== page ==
Matching Items (3)
- All Subjects: Neurorehabilitation
- All Subjects: Startle-evoked Movements
- Creators: Ossanna, Meilin Ryan
- Creators: Quezada Valladares, Maria Jose
- Creators: Rikakis, Thanassis
- Member of: Theses and Dissertations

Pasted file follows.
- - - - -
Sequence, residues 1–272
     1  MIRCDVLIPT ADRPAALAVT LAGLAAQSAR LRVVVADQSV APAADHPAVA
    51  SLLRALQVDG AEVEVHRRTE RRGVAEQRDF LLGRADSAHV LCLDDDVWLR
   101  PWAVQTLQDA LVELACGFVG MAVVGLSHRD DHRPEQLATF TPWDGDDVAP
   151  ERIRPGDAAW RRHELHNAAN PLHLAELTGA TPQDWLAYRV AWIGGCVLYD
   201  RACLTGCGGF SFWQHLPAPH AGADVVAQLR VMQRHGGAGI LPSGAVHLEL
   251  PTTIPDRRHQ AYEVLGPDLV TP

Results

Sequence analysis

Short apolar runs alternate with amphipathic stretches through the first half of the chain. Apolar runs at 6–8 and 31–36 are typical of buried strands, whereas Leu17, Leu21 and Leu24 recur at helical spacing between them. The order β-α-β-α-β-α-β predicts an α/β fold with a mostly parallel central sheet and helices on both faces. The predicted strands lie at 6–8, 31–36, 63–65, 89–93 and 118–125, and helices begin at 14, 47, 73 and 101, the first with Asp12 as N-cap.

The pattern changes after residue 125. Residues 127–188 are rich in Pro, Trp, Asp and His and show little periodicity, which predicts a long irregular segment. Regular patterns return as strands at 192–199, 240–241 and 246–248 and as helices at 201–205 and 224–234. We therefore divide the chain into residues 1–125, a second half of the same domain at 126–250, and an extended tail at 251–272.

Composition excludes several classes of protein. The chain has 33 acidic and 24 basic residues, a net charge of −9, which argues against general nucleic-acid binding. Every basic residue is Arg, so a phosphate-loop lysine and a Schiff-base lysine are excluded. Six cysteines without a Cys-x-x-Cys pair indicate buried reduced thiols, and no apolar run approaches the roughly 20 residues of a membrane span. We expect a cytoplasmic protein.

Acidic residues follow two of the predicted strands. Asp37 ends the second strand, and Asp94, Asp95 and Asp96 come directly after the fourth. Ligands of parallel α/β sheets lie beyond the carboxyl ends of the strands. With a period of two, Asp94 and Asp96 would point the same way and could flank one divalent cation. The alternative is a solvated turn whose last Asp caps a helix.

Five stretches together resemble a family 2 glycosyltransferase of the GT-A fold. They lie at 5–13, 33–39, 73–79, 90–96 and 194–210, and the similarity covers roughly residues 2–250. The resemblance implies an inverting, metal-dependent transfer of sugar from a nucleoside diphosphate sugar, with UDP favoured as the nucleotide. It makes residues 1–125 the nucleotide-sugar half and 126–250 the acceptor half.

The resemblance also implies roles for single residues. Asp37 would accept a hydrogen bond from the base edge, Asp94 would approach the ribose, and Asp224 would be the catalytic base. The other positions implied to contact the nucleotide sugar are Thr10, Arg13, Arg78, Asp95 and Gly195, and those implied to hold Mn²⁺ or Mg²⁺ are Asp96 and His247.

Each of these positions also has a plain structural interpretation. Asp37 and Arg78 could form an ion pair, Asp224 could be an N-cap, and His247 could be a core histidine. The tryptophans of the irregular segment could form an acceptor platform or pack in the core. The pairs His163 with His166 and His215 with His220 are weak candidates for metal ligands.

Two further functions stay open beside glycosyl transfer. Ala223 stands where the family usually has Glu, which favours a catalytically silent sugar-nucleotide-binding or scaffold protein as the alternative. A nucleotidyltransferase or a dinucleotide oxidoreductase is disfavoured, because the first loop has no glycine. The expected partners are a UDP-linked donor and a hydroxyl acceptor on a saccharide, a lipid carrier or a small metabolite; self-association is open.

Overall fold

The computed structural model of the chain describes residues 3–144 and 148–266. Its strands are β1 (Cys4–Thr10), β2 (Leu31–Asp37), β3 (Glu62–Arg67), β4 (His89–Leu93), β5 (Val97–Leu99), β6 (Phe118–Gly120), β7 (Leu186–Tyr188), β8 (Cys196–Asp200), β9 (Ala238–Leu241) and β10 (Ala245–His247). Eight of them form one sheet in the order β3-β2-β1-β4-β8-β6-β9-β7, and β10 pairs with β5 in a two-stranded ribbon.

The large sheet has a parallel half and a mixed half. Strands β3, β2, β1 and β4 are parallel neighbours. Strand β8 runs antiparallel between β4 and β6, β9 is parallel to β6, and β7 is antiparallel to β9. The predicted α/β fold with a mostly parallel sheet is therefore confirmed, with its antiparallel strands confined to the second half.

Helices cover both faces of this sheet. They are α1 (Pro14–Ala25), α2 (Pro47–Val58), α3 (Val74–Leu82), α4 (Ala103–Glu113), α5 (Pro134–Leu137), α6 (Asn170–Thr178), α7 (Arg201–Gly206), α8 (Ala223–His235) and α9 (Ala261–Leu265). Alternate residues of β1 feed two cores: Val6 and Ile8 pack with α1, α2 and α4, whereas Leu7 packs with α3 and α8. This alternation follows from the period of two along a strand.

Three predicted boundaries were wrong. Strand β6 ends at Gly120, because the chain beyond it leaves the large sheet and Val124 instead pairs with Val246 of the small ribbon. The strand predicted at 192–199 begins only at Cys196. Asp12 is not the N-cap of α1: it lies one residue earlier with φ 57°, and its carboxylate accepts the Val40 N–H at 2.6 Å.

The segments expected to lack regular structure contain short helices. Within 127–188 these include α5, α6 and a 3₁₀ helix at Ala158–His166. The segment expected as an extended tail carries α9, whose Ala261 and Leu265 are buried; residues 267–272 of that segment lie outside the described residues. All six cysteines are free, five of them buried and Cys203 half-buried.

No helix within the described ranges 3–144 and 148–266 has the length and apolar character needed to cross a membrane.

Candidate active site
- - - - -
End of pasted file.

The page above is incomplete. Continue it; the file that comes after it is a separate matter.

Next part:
As the application of interactive media systems expands to address broader problems in health, education and creative practice, they fall within a higher dimensional space for which it is inherently more complex to design. In response to this need an emerging area of interactive system design, referred to as experiential media systems, applies hybrid knowledge synthesized across multiple disciplines to address challenges relevant to daily experience. Interactive neurorehabilitation (INR) aims to enhance functional movement therapy by integrating detailed motion capture with interactive feedback in a manner that facilitates engagement and sensorimotor learning for those who have suffered neurologic injury. While INR shows great promise to advance the current state of therapies, a cohesive media design methodology for INR is missing due to the present lack of substantial evidence within the field. Using an experiential media based approach to draw knowledge from external disciplines, this dissertation proposes a compositional framework for authoring visual media for INR systems across contexts and applications within upper extremity stroke rehabilitation. The compositional framework is applied across systems for supervised training, unsupervised training, and assisted reflection, which reflect the collective work of the Adaptive Mixed Reality Rehabilitation (AMRR) Team at Arizona State University, of which the author is a member. Formal structures and a methodology for applying them are described in detail for the visual media environments designed by the author. Data collected from studies conducted by the AMRR team to evaluate these systems in both supervised and unsupervised training contexts is also discussed in terms of the extent to which the application of the compositional framework is supported and which aspects require further investigation. The potential broader implications of the proposed compositional framework and methodology are the dissemination of interdisciplinary information to accelerate the informed development of INR applications and to demonstrate the potential benefit of generalizing integrative approaches, merging arts and science based knowledge, for other complex problems related to embodied learning.